Batty’s speech is a recognition of his own humanity, an acceptance of his mortality, and by extension, our own. Batty is a combat replicant, genetically engineered for the sole purpose of war. He is literally designed to be emotionless, and yet, this supposedly expendable, programmatic husk of a “non-human” being comments on the beauty of his experiences, even those in the violent landscape of war. The monologue’s fictional imagery is somehow easy to picture; gargantuan structures blaze in silence, as a crumbling ship and its passengers become the dust in cosmic wind; a vivid mosaic of bright color stretch through the black void of space, massive in scale to Batty’s small form. It’s these experiences that Batty, who can be considered no more alive than the code in a program, has remembered and described as “things you people wouldn’t believe,” or the things that Batty sees immense wonder in – these deeply impactful memories that his “meaningless, programmed” life was truly lived out with great purpose, if not solely for the reason that he had lived and experienced the beauty of his universe at all. Here is Blade Runner’s acknowledgement of Batty’s humanity: his ability to view the universe with conscious, wondrous eyes.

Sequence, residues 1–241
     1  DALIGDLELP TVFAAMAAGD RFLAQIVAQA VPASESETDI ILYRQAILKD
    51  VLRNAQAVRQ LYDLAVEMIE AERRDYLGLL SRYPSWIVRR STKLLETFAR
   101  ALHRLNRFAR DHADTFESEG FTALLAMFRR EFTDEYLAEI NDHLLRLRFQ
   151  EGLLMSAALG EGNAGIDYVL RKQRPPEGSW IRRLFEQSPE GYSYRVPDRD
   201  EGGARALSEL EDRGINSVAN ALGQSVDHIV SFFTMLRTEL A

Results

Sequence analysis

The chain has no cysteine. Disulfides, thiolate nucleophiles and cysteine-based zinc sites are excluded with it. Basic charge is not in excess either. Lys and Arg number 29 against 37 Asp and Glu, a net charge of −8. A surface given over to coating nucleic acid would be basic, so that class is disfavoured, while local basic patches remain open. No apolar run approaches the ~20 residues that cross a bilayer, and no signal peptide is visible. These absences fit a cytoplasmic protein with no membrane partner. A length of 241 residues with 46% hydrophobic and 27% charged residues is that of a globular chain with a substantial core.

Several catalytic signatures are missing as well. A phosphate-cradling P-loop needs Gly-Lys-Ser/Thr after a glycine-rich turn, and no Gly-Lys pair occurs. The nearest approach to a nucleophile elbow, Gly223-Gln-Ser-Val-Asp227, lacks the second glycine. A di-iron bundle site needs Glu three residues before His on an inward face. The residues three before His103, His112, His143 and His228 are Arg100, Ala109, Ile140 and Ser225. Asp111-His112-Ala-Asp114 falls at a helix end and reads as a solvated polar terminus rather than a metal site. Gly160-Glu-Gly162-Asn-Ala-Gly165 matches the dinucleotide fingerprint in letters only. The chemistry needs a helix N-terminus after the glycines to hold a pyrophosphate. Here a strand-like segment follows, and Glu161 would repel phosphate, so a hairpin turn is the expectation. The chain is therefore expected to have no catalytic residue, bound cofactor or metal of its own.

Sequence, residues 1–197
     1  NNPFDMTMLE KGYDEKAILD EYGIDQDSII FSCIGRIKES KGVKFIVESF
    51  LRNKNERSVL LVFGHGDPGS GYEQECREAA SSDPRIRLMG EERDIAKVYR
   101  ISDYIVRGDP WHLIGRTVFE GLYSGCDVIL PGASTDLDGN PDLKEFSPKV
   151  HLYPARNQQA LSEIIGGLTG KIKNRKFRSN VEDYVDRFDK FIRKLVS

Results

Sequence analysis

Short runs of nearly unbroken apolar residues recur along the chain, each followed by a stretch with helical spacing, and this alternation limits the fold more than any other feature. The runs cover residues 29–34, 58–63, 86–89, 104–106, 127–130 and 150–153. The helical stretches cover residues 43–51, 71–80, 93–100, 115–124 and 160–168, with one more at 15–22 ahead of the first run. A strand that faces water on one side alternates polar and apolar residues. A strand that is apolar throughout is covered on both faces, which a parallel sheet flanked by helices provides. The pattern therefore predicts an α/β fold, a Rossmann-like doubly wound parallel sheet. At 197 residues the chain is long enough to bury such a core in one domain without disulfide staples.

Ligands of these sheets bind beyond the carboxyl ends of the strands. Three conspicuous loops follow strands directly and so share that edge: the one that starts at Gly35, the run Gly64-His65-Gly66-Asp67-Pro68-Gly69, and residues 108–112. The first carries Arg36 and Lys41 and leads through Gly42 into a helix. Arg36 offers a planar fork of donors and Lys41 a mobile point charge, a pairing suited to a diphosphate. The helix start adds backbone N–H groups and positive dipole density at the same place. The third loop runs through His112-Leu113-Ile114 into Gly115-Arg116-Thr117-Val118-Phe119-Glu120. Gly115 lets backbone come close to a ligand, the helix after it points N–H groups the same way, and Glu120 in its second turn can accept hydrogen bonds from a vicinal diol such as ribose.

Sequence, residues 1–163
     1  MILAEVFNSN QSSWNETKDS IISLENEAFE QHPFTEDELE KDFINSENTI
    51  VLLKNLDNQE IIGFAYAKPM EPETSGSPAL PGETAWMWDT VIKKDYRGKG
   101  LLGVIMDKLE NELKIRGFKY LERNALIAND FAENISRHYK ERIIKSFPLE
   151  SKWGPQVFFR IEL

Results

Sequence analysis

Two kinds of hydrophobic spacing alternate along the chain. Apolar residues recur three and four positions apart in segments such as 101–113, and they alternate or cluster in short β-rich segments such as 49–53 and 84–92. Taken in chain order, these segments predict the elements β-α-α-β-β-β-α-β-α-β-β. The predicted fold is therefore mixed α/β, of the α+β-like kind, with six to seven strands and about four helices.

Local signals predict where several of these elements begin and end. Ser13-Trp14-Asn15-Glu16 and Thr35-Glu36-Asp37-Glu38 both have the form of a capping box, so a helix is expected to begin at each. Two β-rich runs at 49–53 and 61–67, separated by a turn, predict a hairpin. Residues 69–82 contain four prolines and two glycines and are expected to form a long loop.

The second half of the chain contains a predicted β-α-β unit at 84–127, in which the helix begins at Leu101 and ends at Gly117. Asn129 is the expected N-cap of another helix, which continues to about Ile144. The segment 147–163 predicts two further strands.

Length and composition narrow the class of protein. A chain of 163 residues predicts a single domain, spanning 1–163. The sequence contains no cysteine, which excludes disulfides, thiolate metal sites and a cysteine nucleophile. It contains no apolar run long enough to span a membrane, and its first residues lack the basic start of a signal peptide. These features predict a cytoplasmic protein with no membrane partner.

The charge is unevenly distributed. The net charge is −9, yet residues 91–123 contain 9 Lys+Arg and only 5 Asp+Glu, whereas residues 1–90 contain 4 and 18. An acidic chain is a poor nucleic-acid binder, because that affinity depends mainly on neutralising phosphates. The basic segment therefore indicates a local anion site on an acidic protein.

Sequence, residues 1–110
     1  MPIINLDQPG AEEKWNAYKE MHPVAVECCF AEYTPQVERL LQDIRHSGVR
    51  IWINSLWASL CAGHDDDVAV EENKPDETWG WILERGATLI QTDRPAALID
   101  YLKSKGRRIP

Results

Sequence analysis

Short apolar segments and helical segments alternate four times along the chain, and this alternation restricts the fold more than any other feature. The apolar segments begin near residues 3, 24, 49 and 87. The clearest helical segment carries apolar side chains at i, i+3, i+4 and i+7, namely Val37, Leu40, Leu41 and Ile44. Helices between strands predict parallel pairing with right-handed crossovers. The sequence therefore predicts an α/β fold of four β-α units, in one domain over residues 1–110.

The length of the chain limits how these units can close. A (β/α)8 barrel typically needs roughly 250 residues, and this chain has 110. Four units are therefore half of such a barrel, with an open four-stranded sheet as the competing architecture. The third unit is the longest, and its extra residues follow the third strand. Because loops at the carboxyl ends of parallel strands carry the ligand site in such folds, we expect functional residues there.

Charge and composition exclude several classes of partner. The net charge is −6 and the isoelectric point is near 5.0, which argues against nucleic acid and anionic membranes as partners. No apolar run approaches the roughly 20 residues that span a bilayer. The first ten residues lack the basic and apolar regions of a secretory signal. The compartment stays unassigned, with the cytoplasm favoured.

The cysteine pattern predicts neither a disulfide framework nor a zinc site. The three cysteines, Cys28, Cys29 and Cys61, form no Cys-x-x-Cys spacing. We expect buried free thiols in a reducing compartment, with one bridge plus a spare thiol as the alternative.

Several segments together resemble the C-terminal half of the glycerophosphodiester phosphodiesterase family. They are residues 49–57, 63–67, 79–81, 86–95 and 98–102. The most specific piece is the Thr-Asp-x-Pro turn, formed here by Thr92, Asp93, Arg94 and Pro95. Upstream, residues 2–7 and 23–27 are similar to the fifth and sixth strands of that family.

The second half of the monologue is Batty’s acceptance of his inherently ephemeral nature. Replicants are designed only to live for four years before automatically shutting down, and it’s in a previous scene that Batty actually “meets his maker,” only to angrily kill him when he is told that there’s no possible way to extend his lifespan. Here, in the final moments before his death is when Batty has fully accepted the fate he fought to avoid, he realizes that while all those previously described memories will be “lost in time, like tears in rain,” noting the insignificance of his existence in the context of a greater universe, he did not live in vain. The “questionable things” that Batty has conducted over his lifespan is contrasted by the empathy expressed in his saving of Deckard, a man dispatched to kill off him and his rogue replicant friends. Thus, he is perfectly content to die, joyous and appreciative of having had the chance to affirm his humanity.